NDSU grad brings 'fresh legs' into defense of women's marathon title

With another 50-hour work week over, Cindy Lewandowski started her weekend with a 17-mile run in Sunday morning rain. Her workout was done by 10 a.m. - hours after finishing her shift as a nurse supervisor at the nearby St. Cloud (Minn.) Hospital...

Cindy Lewandowski

With another 50-hour work week over, Cindy Lewandowski started her weekend with a 17-mile run in Sunday morning rain.

Her workout was done by 10 a.m. - hours after finishing her shift as a nurse supervisor at the nearby St. Cloud (Minn.) Hospital. Despite working overtime because of a nursing shortage, she managed to squeeze in two 4,000-yard swims during the week, plus three bicycle rides totaling more than 100 miles.

The 44-year-old wife and mother of two is training for the Sept. 10 Ironman Triathlon in Madison, Wis. That's where participants will swim 2.4 miles, bicycle 112 miles and run a 26.2-mile marathon.

The training has been painful. Lewandowski is still recovering from a Dec. 23 surgery to repair achilles tendinitis in her right foot.

"I am getting tired," she said, sitting at the dining room table of her home located an easy 1-mile jog east of the Mississippi River.


"It's going to feel good to have fresh legs."

Fresh legs are a result of tapering down the workouts. Less running means another marathon is approaching - this time the Fargo Marathon, where Lewandowski will defend her women's title Saturday.

It was Lewandowski's first and only marathon win. Not bad for a woman who - 10 years ago - wasn't running at all. She ran cross country and track at Sauk Rapids (Minn.) High School.

"But I never took it seriously," said Lewandowski, a 1990 North Dakota State graduate. "I put that on the shelf until I was 35 years old."

Since then, she has run in 23 marathons, countless 5K and 10K runs and six mini-triathlons. She doesn't plan on slowing down anytime soon.

"She's addicted," said Denny Wintheiser, one of Lewandowski's running partners from the St. Cloud River Runners club.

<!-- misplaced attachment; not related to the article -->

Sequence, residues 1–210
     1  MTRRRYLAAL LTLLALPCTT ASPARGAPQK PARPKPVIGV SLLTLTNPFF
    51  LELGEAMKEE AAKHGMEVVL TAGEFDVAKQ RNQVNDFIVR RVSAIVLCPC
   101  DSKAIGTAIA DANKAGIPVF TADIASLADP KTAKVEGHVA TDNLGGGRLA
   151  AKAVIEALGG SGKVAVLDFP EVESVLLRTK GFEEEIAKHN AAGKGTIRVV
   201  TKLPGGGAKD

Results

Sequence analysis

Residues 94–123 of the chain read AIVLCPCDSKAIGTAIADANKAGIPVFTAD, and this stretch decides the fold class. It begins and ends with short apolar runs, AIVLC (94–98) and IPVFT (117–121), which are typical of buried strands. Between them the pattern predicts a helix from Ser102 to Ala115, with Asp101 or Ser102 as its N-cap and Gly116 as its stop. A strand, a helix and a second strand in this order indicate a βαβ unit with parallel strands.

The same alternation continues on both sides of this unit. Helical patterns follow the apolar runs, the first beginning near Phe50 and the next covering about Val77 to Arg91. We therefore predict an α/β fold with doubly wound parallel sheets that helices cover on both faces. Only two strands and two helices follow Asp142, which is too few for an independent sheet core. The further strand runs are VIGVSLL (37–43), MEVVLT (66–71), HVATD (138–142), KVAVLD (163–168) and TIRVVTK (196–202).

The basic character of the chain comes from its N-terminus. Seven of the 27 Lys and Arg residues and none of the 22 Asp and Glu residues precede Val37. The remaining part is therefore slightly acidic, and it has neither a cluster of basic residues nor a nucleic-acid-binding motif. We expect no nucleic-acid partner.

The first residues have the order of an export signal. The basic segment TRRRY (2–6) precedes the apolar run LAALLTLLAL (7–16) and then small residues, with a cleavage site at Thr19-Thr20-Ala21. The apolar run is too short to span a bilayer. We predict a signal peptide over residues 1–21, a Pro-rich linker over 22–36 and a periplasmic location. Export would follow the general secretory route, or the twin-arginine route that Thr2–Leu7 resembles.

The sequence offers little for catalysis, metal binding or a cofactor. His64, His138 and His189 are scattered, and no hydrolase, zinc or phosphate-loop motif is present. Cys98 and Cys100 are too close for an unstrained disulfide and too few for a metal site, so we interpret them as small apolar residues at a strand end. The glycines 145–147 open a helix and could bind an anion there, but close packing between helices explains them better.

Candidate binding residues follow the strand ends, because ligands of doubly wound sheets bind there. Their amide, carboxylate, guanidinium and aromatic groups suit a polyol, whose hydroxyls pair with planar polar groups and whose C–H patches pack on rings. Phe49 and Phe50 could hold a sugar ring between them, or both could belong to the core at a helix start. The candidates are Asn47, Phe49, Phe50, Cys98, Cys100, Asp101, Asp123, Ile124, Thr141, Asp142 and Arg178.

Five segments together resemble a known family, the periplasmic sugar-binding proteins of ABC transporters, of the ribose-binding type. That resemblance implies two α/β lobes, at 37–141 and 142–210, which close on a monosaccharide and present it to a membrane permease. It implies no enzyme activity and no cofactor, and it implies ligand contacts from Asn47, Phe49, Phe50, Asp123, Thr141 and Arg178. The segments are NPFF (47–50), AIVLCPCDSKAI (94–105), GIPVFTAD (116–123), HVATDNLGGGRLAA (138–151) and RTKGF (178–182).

"She is a very busy woman and pretty well-balanced ... she does do it all," said Pam Stevens, an All-American triathlete who has been training with Lewandowski.

"I can't see how she can keep all those balls in the air," said Pat Ross, another member of the St. Cloud River Runners.


Lewandowski came to last year's Fargo Marathon with 10 St. Cloud River Runner members. She says the last thing on her mind was winning the 26.2-mile race that was held in cold and windy conditions.

Lewandowski remembers three other women ahead of her at the 12-mile mark. But when they made the turn for the half-marathon course, she began hearing spectators telling her she was the first woman.

"My focus was to keep the pace that I had," Lewandowski said. "I didn't even want to think about winning."

That was hard to do when spectators kept telling her she was in first. It was even harder to do when two of the male St. Cloud River Runner members she was running with repeatedly and jokingly told her she was in first place.

"I know that, be quiet," she would tell them.

Then, at Mile 25, a marathon official pedaling a bicycle told Lewandowski she was going to win.

"This is cool," Lewandowski thought to herself. "It was just weird to be the person to break the tape."

She crossed the finish line in 3 hours, 16 minutes and 17 seconds - more than half an hour better than her first marathon time at the 1995 Grandma's in Duluth, Minn. She produced her best time (3 :09) at the Twin Cities Marathon when she turned 40.


Three months after Fargo, she ran a 3:17 at the First Annual Leading Ladies Marathon that runs through Spearfish Canyon in the northern Black Hills. One month later, Lewandowski faced one of her biggest challenges at the Moose Mountain Marathon that follows the Superior National Forest hiking trail in northeast Minnesota.

She fell at least five times, trying to navigate tree roots, rocks and logs.

"It was brutal .. I got beat up so bad," said Lewandowski, who finished the course in 5:17.

"I don't know why anyone would want to run anything like that," Wintheiser said. "That almost put her down."

The race aggravated the tendinitis. Unable to walk on the foot and training only in the swimming pool, Lewandowski could not run in last October's Twin Cities Marathon.

But she ran in last November's New York City Marathon, finishing in 3:40.

"I shouldn't have run it," Lewandowski said. "When my daughter saw me at Mile 25, she knew I was hurting."

One month later, Lewandowski underwent surgery in which doctors injected platelets to break down the scar tissue on the bottom of her right foot. She started running again in February, saying she's getting stronger every week.


"I'm a little scared," Lewandowski said of the Fargo Marathon. "I'm not as strong as I was a year ago. I would like to do well. We'll see. I know I'll give it all I've got."

Readers can reach Forum reporter Kevin Schnepf at (701) 241-5549

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